2. Means and Method

We conducted a mixed cross-sectional study with prospective data collection, over a six-month period from December 1st, 2018 to May 31st, 2019, in the gynecology and obstetrics departments of the Yaoundé Gynaeco-Obstetric and Pediatric Hospital, which is a referral and Teaching Hospital in Cameroon. We included all mothers of full-term or premature newborns weighing at least 2000 grams, who agreed to participate. Mothers with contraindications to breastfeeding and those with newborns presenting emergencies that needed urgent management at birth, such as major digestive malformation, and neurologic problems with feeding disorders were excluded. As well as Mothers who chose mixed feeding including breastmilk and formula. Whereas, mothers who had initiated breastfeeding more than one hour after delivery were enrolled. The questionnaire was pretested at the maternity service of another hospital in Yaoundé, with standards similar to our study site. This permitted us to correct misunderstandings and complete information necessary for the reliability of the questionnaire, before its use. The questionnaire was then administered by three researchers among the authors of this research study. The sampling procedure was consecutive. The variables recorded were: age, occupation, level of education, region of origin, marital status. The reasons for breastfeeding delay were sought during an inclusive interview, in the course of which mothers could express themselves freely. We submitted the questionnaires to mothers individually. A Dictaphone was used to record the interviews. We analyzed the records and translated them in English. The analyses continued throughout the discussions as newly emerging themes were tested in subsequent discussions. Hence, the initial analysis was inductive and followed by the preparation of the utilization model to enhance the robustness of the emerged domain. Other variables collected in the questionnaire included socio-demographic characteristics of the mothers. The data pertaining to reasons evoked for delaying breastfeeding initiation were faithfully extracted for analysis after grouping them into four categories. These reasons were either related to mothers, the newborns, the medical staff or socio-cultural issues. Quantitative data were entered and analyzed using CS Pro version 6.2 software and SPSS version 20.0. Chi-square testing was used to establish statistical associations between the variables. Qualitative variables were integrated into a simple logistic regression model to determine the Odd Ratio. A p-value < 0.05 was considered statistically significant for all analyzes.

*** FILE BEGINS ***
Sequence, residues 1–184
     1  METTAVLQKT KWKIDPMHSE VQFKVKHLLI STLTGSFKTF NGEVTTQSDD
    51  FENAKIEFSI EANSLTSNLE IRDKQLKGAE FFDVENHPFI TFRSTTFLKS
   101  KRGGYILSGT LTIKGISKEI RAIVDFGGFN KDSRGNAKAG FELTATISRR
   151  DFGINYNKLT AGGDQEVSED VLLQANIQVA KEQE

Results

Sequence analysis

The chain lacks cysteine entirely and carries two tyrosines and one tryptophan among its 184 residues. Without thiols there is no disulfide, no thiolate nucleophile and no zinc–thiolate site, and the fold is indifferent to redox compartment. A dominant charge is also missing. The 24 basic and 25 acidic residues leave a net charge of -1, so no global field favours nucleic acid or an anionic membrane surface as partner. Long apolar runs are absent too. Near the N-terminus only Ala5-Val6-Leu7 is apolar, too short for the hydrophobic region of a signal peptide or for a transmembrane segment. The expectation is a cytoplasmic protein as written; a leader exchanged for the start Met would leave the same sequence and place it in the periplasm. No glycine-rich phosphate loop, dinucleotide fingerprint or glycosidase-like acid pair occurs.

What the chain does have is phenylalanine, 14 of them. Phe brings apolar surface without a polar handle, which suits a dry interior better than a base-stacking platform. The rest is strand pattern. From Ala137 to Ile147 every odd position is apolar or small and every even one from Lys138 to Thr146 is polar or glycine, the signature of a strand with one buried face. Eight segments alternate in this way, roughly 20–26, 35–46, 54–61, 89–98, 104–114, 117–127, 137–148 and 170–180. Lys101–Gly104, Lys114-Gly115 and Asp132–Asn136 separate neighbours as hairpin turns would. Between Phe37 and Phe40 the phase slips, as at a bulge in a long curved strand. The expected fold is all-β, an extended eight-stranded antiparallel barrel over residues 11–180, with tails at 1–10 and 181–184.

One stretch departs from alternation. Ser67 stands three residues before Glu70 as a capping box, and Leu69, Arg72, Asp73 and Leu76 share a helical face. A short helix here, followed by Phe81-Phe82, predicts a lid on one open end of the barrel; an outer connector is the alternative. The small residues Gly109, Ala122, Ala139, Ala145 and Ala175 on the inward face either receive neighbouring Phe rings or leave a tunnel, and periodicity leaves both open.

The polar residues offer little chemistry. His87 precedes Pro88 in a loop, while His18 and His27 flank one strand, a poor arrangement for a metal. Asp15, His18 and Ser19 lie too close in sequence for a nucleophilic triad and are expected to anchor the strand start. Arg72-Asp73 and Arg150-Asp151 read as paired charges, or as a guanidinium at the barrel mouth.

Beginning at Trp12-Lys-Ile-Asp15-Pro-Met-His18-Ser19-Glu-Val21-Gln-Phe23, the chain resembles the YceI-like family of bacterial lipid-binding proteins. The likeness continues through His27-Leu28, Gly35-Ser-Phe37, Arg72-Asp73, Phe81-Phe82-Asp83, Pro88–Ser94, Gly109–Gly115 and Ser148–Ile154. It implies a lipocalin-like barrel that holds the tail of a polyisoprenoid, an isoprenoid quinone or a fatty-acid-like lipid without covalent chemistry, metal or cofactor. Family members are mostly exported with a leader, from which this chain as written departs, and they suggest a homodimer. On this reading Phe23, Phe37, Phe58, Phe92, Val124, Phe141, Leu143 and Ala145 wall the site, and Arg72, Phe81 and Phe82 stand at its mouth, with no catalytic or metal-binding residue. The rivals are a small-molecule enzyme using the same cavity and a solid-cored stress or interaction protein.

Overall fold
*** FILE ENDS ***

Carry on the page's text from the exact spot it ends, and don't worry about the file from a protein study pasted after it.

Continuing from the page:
We defined early initiation of breastfeeding as the starting of breastfeeding within the first hour following childbirth. The newborn might have been clothed or not, skin-to-skin contact was however recommended in our context. Delayed breastfeeding was considered as the initiation of breastfeeding after the first hour of life.

Ethical Considerations

Ethical clearances from the Institutional Ethics and Research Committee of the Faculty of Medicine of the University of Yaoundé 1 and the Yaoundé Gynaeco-Obstetric and Pediatric Hospital were obtained before the beginning of the study. The data collected was kept strictly confidential and used only for the purposes of the study.

3. Results

We interviewed 153 mothers who had put their baby to the breast beyond the first hour of life.

3.1. Socio-Demographic Data

The mothers had an average age of 27.9 ± 6.2 years, and most of them originated from the Centre region (44.40%), and had secondary education level (43%) (Table 1).